CH: It depends on Hockey Canada. Our intention is to recruit the way we’ve always recruited. Yes, there will be the opportunity for 16 and 17-year-olds to come and play in our league without their parents having to change residences, which we’ve never understood. But other than that, I think there’s going to be some pushback from the Hockey Canada-sanctioned leagues to not deal with us.
BN: We’ve heard the Board of Governors’ vote to leave Hockey Canada wasn’t unanimous. What’s the message to those teams who were against it?
CH: All the league office does is put in front of the ownership the options and what the benefits of each option would be. For the majority of our teams, there’s a feeling that there aren’t a lot of advantages to being in the (Hockey Canada) system. The advantages to being out of the system are more than just recruiting 16 and 17-year-olds.
Now we’re creating a tier of college-tracking hockey in Canada, and we think there are going to be more scouts coming and a lot more fans coming because the quality of the hockey is going to definitely go up.
We have a very cohesive Board and it’s a right for everybody to choose to vote with their heart or vote with their mind. I’m wide open to having some dissension and some discussion, I think it makes us stronger because we have to make our arguments more powerful to convey to folks that may not see the way things are going.
At the end of the day, I think that this is a very together group of owners that moves forward with this. They’ve been thinking about it, arguing over it, and debating it for decades. I think it was just time to fish or cut bait, and that’s what we’ve done.
BN: The league has stated the goal of moving away from being pay-to-play within four years. How does that goal affect teams that rely on player fees to help subsidize operating costs?
CH: What we hope is because the league is going to get better and our teams are going to get better because we are asking for standards to be raised on the business side, that there are more people paying attention to the bottom line and generating enough money to operate the team without having to charge players.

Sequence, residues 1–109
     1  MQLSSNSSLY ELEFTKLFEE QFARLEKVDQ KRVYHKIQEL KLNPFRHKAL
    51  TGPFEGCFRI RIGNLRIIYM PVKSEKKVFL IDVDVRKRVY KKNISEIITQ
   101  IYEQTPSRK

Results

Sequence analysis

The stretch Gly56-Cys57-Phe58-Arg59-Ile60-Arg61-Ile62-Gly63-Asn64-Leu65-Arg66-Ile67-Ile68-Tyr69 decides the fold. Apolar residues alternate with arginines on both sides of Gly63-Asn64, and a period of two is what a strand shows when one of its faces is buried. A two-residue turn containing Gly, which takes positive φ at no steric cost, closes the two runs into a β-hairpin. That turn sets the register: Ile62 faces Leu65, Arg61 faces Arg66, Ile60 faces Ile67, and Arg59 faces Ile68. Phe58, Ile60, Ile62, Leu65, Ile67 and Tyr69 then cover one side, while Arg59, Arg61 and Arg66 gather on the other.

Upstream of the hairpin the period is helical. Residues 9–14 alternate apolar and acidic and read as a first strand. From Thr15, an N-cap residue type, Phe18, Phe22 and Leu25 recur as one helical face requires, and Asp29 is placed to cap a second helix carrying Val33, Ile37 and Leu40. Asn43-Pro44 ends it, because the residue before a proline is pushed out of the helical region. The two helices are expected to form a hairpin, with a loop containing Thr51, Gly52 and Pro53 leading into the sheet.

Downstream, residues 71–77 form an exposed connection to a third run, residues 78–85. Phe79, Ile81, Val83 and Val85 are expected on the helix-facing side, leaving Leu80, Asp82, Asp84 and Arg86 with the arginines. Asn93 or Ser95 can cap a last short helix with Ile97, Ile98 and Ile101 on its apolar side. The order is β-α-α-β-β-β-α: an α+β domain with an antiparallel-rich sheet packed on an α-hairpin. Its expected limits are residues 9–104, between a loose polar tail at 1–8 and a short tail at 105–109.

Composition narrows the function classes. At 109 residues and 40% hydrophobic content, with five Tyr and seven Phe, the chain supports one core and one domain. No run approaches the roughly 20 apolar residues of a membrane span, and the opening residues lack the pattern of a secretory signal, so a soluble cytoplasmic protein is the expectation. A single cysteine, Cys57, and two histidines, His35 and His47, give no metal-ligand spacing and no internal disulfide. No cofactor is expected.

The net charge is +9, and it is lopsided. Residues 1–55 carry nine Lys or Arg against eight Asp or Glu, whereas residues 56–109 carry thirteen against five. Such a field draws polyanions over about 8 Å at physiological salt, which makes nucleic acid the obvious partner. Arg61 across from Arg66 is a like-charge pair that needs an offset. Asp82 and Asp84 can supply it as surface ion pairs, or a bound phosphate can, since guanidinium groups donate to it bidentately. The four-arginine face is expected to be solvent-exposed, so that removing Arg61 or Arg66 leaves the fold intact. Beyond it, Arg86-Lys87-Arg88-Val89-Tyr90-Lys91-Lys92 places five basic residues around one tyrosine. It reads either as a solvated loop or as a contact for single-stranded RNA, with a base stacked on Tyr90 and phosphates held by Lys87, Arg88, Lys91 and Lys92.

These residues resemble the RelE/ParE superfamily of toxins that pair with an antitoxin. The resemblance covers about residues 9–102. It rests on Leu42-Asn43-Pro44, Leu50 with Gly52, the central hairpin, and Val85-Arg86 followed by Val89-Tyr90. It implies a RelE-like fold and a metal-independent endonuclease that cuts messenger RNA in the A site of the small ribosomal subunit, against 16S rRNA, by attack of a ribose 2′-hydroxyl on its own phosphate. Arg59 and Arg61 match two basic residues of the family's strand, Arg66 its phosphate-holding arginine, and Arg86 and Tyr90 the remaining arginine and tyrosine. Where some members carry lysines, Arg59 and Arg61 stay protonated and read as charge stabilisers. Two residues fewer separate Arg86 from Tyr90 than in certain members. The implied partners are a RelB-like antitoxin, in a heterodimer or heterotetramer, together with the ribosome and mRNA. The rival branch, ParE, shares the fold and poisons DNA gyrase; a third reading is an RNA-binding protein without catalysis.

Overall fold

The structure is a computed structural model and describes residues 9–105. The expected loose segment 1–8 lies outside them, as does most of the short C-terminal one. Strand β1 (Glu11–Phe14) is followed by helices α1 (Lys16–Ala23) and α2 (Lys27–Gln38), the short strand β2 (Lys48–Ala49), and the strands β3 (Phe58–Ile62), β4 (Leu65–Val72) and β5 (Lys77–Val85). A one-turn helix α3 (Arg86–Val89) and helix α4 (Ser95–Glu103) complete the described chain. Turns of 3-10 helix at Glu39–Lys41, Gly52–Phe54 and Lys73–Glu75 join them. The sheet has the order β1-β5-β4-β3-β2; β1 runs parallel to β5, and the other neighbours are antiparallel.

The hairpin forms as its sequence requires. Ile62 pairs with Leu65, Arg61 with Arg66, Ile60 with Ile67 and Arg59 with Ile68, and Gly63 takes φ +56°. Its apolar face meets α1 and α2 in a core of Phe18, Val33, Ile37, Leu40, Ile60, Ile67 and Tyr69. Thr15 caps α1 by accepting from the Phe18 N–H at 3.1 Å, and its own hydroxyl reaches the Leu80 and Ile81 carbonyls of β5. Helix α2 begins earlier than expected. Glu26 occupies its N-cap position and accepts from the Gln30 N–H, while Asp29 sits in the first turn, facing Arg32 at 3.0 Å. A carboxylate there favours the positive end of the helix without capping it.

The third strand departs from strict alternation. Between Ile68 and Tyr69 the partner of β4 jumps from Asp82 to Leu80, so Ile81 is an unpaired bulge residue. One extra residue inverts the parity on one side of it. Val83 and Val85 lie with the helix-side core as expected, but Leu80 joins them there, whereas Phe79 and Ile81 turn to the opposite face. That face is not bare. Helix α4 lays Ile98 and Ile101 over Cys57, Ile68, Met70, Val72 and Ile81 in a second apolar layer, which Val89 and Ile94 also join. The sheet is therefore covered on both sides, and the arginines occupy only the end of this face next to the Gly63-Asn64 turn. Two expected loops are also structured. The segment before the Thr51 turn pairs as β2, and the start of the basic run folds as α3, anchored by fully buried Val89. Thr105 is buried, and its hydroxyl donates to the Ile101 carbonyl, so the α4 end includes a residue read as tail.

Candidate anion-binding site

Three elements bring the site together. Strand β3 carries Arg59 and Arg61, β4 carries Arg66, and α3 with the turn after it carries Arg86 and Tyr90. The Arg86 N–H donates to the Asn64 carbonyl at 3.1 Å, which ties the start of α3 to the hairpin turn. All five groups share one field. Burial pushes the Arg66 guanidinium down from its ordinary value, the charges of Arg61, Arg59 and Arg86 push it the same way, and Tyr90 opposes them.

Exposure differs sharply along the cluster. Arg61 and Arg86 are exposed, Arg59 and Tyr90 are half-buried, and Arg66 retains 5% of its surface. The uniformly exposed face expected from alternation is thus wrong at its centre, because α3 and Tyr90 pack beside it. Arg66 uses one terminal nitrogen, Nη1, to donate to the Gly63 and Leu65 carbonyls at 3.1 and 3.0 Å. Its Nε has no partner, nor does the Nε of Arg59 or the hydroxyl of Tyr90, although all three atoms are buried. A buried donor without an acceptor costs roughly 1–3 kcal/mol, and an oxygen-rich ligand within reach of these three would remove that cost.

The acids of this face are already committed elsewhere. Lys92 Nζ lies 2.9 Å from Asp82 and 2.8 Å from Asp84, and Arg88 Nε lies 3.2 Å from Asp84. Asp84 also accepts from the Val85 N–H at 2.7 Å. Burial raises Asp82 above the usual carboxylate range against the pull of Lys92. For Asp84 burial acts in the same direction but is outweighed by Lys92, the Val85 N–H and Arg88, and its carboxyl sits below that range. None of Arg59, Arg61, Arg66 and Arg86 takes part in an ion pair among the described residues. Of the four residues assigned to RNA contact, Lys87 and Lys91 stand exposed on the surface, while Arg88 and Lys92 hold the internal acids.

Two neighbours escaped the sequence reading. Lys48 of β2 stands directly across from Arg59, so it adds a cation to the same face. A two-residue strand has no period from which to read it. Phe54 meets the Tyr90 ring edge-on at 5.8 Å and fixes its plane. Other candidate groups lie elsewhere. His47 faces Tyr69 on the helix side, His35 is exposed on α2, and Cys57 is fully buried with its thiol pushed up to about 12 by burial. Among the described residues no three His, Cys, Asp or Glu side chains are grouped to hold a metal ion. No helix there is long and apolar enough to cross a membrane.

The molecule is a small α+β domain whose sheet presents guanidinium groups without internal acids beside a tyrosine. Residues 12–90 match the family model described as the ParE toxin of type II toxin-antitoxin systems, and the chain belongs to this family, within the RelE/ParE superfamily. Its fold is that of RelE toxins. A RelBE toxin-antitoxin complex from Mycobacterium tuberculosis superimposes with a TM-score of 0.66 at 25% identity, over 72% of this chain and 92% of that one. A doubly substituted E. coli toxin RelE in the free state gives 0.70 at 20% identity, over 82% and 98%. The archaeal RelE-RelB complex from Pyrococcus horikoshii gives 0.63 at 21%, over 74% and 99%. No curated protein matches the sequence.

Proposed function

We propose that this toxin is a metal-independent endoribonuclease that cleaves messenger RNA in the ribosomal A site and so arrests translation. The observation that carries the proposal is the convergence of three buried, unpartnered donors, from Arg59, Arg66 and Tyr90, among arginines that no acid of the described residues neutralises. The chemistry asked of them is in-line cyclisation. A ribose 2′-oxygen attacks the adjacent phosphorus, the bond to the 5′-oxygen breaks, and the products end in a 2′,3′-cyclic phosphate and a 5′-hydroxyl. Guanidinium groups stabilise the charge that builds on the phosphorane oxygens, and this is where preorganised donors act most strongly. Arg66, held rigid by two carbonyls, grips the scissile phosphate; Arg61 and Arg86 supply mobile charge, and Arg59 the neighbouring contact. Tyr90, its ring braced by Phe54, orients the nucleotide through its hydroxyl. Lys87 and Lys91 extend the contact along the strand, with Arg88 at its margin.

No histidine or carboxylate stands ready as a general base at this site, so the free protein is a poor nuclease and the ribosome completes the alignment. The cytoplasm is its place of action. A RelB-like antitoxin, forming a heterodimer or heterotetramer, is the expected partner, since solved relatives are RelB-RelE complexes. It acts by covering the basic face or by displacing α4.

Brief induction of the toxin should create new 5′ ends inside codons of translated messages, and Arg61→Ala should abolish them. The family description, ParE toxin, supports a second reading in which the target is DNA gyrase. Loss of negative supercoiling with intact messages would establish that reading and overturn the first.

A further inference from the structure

For us, we’ve always felt that charging players is not the BCHL. There are leagues around the country that have to do that. We don’t think we should have to charge players because we’re a league that puts a good product on the ice, people come to see it, and we can generate enough revenue at the gate and in sponsorship.
That sponsorship includes the league too, the league has to do a better job of creating revenue that everybody can share. For us, that’s the route rather than, “Oh, I’m just going to charge the players.”
BN: What do you say to people who argue that opening the doors to farther-reaching recruiting could squeeze BC-born players out of the BCHL?
CH: We’ve already dealt with that. There will be a minimum for B.C. players in our league that protects the regular recruiting paths we have within our province. We’re not worried about that and we’re committed to that because this is the BCHL and we are here to develop B.C. kids.
The great thing about B.C. kids at this level is if they’re playing against the best players around, they’re going to get better. So it’s a bit of a double-edged sword. You’re going to make it into this league, but you’re going to play against better players and then it’s up to you, right?
BN: This is a giant hurdle for the league to overcome in the minds of the Board of Governors who voted for leaving the umbrella of Hockey Canada. What’s next for the league?
CH: We think we can make the league into something that’s never been seen before in Canada. It’s a junior-level, college-tracking league that creates events, that is in the communities, that is not simply mailing it in, that we’re directing all of our resources to grow it and make the player experience better.
We’ve already started doing that with our Road Show event and we’re taking our league Showcase to Seattle next year. We have our Top Prospects and outdoor All-Star Game which will continue and we think there’s something we’re going to do with our postseason eventually once we’ve got everything stable. So this is just going to get better and what we wanted to do was remove the impediments to that growth.
BN: The prospect of playing games against North American Hockey League or United States Hockey League clubs ties in exactly with what you just mentioned. Is there a potential for a playoff-style tournament or series between the leagues?
CH: We would hope so, because why wouldn’t you want to see the best college-tracking hockey come together for an event that is especially Canada versus the US? I mean, at the end of the day, it’s about us having the imagination and being bold enough to go and try and create something new — that’s what we’re trying to do.